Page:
Broadcaster STV has become the latest company to leave a major business lobbying organisation after it registered with the Electoral Commission to formally back a ''no'' vote in the independence referendum.
The broadcaster has joined the Balhousie Care Group and wave energy company Aquamarine Power in resigning from the Confederation of British Industry (CBI) Scotland.
STV said it had a duty of impartiality and was left with "no choice but to resign" from the confederation.
It emerged yesterday that the CBI, which represents many businesses across the country, had registered with the Electoral Commission, meaning it can spend more than £10,000 on campaigning during the referendum period.
Registering as a campaigner also gives access to the electoral register and the right for representatives to attend postal vote opening sessions, polling stations and the counting of votes.
The confederation has faced criticism that its position does not accurately reflect its members' views, and it failed to consult them before formally registering to campaign for the union.
A CBI spokesman said that Scotland and the rest of the UK are "stronger together as part of the union".
Broadcasters such as STV and the BBC are bound by strict rules when it comes to reporting in the final campaigning period before elections and referendums.
A statement on the STV News website said: "STV is a public service broadcaster with a duty of impartiality and as such we have no corporate or editorial position on the independence referendum in September.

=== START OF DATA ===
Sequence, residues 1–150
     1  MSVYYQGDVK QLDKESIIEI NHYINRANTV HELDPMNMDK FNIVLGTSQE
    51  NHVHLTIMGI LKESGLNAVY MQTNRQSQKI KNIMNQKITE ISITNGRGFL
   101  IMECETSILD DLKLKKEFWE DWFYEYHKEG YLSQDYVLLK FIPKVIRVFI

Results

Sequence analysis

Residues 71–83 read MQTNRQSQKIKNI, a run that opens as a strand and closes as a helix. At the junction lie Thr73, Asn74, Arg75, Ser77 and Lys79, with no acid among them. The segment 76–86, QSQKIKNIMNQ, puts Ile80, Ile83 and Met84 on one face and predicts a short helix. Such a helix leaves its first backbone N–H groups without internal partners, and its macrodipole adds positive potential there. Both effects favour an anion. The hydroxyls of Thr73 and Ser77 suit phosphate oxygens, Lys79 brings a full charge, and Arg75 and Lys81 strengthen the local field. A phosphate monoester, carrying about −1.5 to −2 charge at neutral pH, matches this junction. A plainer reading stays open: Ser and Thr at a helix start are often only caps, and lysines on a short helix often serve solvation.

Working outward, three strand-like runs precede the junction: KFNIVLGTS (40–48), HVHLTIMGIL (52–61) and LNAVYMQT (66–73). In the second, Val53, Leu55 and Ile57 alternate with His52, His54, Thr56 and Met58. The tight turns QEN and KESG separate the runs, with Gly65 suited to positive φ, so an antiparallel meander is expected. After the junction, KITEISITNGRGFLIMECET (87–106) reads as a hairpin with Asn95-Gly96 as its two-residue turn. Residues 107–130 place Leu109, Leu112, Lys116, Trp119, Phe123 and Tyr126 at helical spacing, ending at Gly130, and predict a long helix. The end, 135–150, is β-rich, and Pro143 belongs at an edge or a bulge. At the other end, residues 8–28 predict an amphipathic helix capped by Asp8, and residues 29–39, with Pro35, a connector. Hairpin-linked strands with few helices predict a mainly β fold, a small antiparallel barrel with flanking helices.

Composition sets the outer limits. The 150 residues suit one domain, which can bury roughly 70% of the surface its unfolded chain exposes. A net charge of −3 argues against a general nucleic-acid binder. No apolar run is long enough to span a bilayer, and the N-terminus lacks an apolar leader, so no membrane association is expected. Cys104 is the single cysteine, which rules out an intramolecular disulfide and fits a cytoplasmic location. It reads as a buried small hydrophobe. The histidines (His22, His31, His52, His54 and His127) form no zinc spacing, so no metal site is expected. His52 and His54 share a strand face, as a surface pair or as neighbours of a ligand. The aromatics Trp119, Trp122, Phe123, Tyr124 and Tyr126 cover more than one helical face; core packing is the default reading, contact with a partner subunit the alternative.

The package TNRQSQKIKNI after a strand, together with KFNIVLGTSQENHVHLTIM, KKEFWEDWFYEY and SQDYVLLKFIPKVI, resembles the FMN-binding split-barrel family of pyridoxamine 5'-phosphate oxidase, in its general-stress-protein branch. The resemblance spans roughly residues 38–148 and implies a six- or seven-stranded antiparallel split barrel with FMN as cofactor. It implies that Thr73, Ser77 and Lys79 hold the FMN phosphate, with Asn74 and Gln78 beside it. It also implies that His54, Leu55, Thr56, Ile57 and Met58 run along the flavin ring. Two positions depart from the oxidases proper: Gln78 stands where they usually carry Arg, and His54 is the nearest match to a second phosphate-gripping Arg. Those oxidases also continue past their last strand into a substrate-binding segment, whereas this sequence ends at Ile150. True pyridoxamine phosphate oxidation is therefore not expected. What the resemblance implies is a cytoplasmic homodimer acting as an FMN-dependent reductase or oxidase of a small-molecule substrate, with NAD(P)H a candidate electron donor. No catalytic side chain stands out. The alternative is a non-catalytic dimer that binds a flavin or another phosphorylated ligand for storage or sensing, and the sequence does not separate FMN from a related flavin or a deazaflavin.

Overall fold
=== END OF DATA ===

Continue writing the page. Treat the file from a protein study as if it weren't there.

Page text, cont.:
In light of CBI Scotland's decision to register with the Electoral Commission we have no choice but to resign our membership of CBI Scotland forthwith."
Tony Banks, chairman of the Balhousie Care Group, quickly responded to the CBI's position yesterday and said his business will now leave the confederation.
Mr Banks, who is also chairman of the pro-independence group Business for Scotland, said: ''It is abundantly clear that the CBI is not representing its members' views honestly. I am therefore writing to the director-general, John Cridland, today, withdrawing my company membership.''
Martin McAdam, chief executive officer of Aquamarine Power, said there had been no consultation before the CBI decision.
Electrical contractors union Select, which represents 1,250 companies with 18,500 employees, has demanded the CBI review its decision.
While there has been no threat to leave the CBI, the union said the Better Together affiliation does not reflect its views.